Review of the best book on unanswered prayer

God on Mute: Engaging the Silence of Unanswered Prayer

Pete Greig (Survivor/Kingsway, ISBN 9781842913178)


Some years ago, my  faith was seriously rocked when I thought God was telling me to move from one city to another, and then everything fell through with the move. I didn’t know what to believe. Was God out there? Did he care? Was he speaking to me? What was I hearing?

I would have loved to have been able to read God on Mute back then. Through God’s grace I was able to mature in my faith, but it was a long and lonely road to travel, filled with hurt, questions, doubts. Perhaps Pete’s book will shorten the path of others. I hope so; because of God’s seeming silence, many Christians lose their faith or allow it to be it watered down to an insipid state.

Pete Greig is a co-founder of the 24-7 Prayer movement, which has touched people around the world. He’s written about this prayer movement in another book, but this one is a profoundly personal yet deeply biblical exploration of unanswered prayer.

Just weeks after the birth of their second son, Pete’s wife Samie suffered a horrible seizure. After rushing her to the hospital, they learned that she had a tumor in her head the size of an orange. As Pete says, “Why, I wondered darkly, hadn’t my prayers made any notable difference when Samie and I needed God’s help more than ever before?” And, “Here I am, one of the leaders within a prayer movement … and (dare I admit it?) my deepest prayers are impotent…” (p. 38-39)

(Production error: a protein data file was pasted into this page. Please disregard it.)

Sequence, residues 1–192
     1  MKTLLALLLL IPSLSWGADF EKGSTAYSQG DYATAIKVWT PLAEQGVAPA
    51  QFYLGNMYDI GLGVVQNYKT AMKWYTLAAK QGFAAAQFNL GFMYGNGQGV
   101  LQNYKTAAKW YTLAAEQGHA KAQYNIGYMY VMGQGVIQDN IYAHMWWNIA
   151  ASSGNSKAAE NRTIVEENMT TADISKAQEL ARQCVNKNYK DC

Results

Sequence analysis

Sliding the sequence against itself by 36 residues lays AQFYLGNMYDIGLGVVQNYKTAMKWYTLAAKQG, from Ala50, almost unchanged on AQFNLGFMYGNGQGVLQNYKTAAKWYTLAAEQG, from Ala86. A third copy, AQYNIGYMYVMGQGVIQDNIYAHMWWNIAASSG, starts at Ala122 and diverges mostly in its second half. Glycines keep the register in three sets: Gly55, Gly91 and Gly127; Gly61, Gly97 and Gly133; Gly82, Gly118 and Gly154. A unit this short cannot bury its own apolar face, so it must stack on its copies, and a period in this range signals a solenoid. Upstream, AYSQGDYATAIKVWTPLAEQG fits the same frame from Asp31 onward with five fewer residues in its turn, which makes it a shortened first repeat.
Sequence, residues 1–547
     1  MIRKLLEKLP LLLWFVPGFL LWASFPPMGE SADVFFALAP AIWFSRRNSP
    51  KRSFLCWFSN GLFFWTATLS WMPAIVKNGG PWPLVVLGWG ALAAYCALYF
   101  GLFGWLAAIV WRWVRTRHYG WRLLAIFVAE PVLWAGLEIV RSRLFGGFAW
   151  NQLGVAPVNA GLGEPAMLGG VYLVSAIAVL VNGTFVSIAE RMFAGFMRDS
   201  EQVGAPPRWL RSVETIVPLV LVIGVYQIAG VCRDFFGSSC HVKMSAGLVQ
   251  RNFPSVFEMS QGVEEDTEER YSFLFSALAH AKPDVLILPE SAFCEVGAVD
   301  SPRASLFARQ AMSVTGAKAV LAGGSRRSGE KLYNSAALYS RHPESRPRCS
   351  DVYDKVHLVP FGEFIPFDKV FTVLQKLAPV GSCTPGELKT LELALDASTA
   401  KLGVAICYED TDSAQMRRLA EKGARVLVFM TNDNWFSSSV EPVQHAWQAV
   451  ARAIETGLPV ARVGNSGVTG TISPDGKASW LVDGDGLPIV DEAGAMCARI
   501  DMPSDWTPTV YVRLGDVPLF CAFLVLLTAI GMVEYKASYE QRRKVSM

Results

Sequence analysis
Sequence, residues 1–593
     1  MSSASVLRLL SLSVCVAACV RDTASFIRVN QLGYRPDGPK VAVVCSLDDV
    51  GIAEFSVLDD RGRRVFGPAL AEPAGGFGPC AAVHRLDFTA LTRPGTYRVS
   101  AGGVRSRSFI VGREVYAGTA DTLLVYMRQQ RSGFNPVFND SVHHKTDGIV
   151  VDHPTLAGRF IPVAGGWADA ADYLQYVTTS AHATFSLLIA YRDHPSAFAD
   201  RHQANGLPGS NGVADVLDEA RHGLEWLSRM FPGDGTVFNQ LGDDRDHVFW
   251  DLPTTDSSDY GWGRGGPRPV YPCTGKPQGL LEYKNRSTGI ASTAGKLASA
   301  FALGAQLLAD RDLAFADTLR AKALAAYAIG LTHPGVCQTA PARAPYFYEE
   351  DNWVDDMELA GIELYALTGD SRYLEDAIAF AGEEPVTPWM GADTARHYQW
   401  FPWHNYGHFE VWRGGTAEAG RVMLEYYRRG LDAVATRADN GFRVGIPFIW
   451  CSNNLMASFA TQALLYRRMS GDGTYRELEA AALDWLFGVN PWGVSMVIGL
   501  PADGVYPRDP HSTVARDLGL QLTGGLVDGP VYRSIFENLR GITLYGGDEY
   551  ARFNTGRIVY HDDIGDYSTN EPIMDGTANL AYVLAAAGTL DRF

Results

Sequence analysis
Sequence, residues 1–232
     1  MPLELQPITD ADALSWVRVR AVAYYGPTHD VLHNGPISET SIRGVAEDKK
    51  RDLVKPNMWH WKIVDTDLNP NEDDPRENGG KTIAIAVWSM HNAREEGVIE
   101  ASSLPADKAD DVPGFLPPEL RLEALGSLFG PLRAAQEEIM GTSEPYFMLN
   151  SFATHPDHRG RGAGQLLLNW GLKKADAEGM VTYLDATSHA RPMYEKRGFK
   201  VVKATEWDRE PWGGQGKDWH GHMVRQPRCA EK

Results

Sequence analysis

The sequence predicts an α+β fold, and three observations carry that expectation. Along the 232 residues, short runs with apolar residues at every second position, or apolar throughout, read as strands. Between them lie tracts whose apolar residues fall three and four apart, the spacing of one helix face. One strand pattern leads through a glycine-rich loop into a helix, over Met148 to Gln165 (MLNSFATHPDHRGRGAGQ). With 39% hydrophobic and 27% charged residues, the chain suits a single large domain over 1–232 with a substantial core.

Pete searched for answers to the profound question of unanswered prayer, and determined that the book needed to be written that would fit between his wife’s “Reader’s Digest and a cappuccino.” God on Mute is the result of their years of prayers, searching, and reflection.

It’s been a few years since I read this book, and I’d love to read it again, slowly. First time round I was propelled by the story of Pete’s wife, Samie, as she discovered the brain tumor and her subsequent epilepsy. I was gripped by this human drama, especially as my brother has struggled with epilepsy nearly his whole life.

A book I will give to others and reread. It’s a treasure trove of wisdom which also poses the questions some are too afraid to raise.


This book has been out a few years; have you read it? What stories do you have of unanswered prayer?

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